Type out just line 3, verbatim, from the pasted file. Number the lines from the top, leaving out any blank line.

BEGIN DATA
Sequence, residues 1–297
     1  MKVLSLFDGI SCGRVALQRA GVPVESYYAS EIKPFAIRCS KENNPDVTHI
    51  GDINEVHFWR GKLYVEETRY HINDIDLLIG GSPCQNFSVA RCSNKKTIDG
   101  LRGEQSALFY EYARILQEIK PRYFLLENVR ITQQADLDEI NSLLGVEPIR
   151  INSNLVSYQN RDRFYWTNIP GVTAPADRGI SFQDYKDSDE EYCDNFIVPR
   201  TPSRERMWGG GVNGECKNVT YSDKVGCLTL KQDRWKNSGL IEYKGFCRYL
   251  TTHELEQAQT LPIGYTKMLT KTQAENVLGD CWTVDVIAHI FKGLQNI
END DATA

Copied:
    51  GDINEVHFWR GKLYVEETRY HINDIDLLIG GSPCQNFSVA RCSNKKTIDG